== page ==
Here’s a super quick tutorial for how to make your own matching pair.
1⁄6 yard each of four different fabrics for the front (these were upholstery-weight)
½ yard of backing fabric (these were a cuddle fabric, but upholstery works too)
2 16″ pillow forms (or make your own. It’s better to have that extra layer of fabric than to just stuff the case you make)
If you use quilt-weight fabrics, you probably want a yard of muslin to use as an interlining for the front and back, just to give it more body. Unless your 42″-wide quilt-weight fabric is also super square, you will need a bit more than 1⁄6 yard (you need a strip that is 6″×40″ for standard width, or 5″×48″ for wider fabric).
Cut 16 3″×5″ rectangles from each of the four front fabrics.
Cut two 17″ squares from the backing fabric.
If you’re using lightweight fabric, cut 4 17″ squares from the muslin.
Because I recommend using heavy fabric, I’ve given all measurements assuming a seam allowance of ½″. Sewing a true ¼″ seam with upholstery fabric is annoying, fiddly, and begging for problems (not to mention it gives room to deal with the horrid fraying).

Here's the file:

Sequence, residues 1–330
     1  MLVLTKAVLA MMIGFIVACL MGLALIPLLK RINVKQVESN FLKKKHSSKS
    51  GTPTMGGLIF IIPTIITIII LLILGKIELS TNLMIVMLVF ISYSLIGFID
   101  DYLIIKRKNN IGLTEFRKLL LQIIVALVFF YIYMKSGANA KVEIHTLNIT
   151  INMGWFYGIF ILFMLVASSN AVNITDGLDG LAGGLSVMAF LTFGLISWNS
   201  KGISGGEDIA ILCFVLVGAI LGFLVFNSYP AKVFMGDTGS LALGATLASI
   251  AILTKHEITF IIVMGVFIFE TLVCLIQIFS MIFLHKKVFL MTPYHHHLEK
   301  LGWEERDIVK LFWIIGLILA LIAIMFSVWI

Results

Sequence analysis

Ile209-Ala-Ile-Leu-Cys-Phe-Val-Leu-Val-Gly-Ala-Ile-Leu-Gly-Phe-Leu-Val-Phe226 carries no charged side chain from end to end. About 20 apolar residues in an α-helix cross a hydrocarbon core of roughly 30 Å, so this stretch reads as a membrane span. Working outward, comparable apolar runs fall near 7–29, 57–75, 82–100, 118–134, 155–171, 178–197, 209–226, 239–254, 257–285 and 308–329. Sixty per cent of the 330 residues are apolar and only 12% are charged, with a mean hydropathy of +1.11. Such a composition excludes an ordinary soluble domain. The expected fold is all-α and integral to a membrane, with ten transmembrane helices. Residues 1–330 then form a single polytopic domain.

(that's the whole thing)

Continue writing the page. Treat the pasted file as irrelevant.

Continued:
Pair up the two darker fabrics and the two lighter fabrics for the front (A and B, C and D).
Create blocks by sewing all of the A pieces to the B pieces along the long side. Do the same for the C and D pieces.
Construct the rows by alternating two AB blocks and two CD blocks. You’ll need four rows that start with AB and four that start with CD, with A and C always being at the top of the row.
Sew four rows together for each pillow, alternating the AB-starting rows and the CD-starting rows.
Making the pillow
One you’ve completed the fronts, place a front and back piece right-sides together. If you used light-weight fabric, baste a piece of muslin to the wrong side of each piece first.
Pin, then sew all the way around, leaving a 10″ opening on one side (or smaller, if you feel comfortable stuffing your pillow form in).
Turn out, clipping corners as needed.
Insert the pillow form through the opening, then sew the opening closed with a whipstitch or your preferred closing method.